Walking to school is good for everyone
Getting kids ready to go to school in the morning can be a major hassle, from dragging them out of bed to preparing lunches to racing out of the driveway to make it to class on time. However, according to a group of Belgian researchers, letting students take their time and walk to school has tangible health benefits and, more incredibly, both parents and students alike may actually be willing to do it.
In a study published in the International Journal of Behavioral Nutrition and Physical Activity, physicians from the University of Ghent and the Flanders Research Foundation took a look at the feasibility of shifting drop-off locations away from the main entrances of schools, making children walk farther in order to get to class. The program was inspired parents complaining that their children could not walk to school due to distance but still could use extra physical activity.
After establishing a pilot program, the researchers analyzed data from surveys and step counters and saw a measurable increase in the amount of steps students were taking without much extra work on the part of teachers or school administrators.
“This pilot study showed that implementing drop-off spots might be an effective intervention to promote children’s walking to school,” the authors, led by Dr. Griet Vanwolleghem of the University of Ghent, wrote in the study. “Implementing drop-off spots does not require major effort from the school and the schools can choose how and when they organize drop-off spots.”
Researchers chose two schools to pilot the program, setting up drop-off spots 500-800 meters away from the front doors. The researchers then monitored children’s step counts before and after school hours to judge the physical benefits of the increased walking distance. Students who participated in the program took 732 extra steps per day on average, 6% of the recommended 12,000 steps children should take every day according to research published by the American College of Sports Medicine.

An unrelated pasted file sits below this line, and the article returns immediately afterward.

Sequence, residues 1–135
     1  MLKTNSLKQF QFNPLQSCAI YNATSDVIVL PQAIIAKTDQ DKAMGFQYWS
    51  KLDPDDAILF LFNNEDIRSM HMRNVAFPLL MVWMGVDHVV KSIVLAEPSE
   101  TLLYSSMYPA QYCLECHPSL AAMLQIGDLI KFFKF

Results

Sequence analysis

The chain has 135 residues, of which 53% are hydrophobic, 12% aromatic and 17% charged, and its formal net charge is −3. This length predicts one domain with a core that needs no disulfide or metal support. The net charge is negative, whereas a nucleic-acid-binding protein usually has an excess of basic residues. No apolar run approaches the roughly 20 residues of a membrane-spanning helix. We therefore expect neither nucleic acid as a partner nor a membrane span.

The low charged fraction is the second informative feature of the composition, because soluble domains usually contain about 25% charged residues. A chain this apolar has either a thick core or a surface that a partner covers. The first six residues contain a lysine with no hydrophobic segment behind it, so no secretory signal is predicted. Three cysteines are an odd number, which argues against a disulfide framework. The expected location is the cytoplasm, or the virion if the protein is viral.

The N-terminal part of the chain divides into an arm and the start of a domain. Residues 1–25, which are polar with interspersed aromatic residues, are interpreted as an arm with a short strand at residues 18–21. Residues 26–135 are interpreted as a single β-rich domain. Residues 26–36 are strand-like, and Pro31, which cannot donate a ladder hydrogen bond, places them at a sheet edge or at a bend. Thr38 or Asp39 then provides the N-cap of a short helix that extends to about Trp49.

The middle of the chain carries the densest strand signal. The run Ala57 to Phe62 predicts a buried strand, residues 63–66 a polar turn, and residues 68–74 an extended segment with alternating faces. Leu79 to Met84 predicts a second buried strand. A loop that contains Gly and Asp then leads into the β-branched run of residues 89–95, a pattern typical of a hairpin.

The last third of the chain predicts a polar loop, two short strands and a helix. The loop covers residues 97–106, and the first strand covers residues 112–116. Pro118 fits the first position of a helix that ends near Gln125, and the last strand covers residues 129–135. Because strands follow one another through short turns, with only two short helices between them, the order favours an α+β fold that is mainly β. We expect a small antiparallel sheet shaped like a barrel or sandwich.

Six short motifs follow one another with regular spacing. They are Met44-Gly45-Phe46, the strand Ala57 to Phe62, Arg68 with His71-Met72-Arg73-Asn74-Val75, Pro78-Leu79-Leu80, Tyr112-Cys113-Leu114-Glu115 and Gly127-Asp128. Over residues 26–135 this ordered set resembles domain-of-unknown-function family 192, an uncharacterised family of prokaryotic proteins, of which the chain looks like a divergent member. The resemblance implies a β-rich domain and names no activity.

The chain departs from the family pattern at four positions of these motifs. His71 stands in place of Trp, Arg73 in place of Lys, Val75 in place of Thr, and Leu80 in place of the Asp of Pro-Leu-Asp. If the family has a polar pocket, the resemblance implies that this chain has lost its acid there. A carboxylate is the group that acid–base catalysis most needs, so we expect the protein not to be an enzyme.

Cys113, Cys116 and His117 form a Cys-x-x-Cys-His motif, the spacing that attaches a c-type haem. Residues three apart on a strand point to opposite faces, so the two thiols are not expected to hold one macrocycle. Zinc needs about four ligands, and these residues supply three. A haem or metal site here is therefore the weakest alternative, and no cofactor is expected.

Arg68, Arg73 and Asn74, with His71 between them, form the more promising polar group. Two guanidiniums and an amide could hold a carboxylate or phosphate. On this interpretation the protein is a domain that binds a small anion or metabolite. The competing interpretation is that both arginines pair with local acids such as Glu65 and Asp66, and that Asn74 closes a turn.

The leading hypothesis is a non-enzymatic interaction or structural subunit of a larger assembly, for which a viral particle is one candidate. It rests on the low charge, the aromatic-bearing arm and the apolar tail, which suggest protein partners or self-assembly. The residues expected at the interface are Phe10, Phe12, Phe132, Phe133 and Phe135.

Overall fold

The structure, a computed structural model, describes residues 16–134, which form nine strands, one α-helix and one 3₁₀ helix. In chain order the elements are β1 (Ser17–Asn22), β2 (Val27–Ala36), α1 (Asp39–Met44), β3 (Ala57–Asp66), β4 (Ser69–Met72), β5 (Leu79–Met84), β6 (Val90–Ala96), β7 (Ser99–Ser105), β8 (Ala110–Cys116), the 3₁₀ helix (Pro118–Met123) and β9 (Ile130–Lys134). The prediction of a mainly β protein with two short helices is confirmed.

“Exercise is particularly important for children,” says Dr. Dave Farnsworth, pediatrician with Advocate Medical Group in Burbank, Ill. “Habits that are developed in childhood often persist through adulthood. A child who is used to being active has a greater chance of remaining active as an adult.”
In addition to monitoring the benefits of more steps, the study also examined the sentiments of parents and educators towards the program. Parents were generally positive towards drop-off initiatives, noting that they saw an increase in activity and social interaction from their children as they walked to school. Additionally, parents also responded that they had more time in the mornings as a result of not having to wait in traffic to drop off their children.
While the health benefits were obvious, both parents and teachers expressed concerns over safety and advised that adult supervision should be provided for younger students – while the study was successful in Belgium, Dr. Farnsworth notes that something similar in a high-crime area like Chicago’s South Side would be considerably more difficult to implement. Additionally, the authors observed that teachers did have some reservations about the extra work involved in monitoring students walking to and from the drop-off points.
Despite the concerns, the researchers remain hopeful that what they learned in this pilot program can be used to refine and improve future initiatives to get kids moving and healthy, something Dr. Fansworth sees as a good start.
“Any program that gets children moving is a good idea, but this is just one small step towards that,” Dr. Farnsworth says.
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